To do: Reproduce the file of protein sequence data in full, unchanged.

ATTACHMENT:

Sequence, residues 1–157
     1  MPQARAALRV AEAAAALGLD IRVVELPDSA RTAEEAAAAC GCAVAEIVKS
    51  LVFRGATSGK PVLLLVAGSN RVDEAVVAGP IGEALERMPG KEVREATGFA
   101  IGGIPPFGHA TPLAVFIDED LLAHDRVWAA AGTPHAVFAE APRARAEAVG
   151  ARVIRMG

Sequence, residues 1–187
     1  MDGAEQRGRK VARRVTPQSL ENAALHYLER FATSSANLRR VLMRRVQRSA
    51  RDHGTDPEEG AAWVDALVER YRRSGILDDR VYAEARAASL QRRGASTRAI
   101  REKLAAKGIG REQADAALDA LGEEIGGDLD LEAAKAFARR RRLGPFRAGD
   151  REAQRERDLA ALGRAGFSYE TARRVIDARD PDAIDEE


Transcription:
Sequence, residues 1–157
     1  MPQARAALRV AEAAAALGLD IRVVELPDSA RTAEEAAAAC GCAVAEIVKS
    51  LVFRGATSGK PVLLLVAGSN RVDEAVVAGP IGEALERMPG KEVREATGFA
   101  IGGIPPFGHA TPLAVFIDED LLAHDRVWAA AGTPHAVFAE APRARAEAVG
   151  ARVIRMG

Sequence, residues 1–187
     1  MDGAEQRGRK VARRVTPQSL ENAALHYLER FATSSANLRR VLMRRVQRSA
    51  RDHGTDPEEG AAWVDALVER YRRSGILDDR VYAEARAASL QRRGASTRAI
   101  REKLAAKGIG REQADAALDA LGEEIGGDLD LEAAKAFARR RRLGPFRAGD
   151  REAQRERDLA ALGRAGFSYE TARRVIDARD PDAIDEE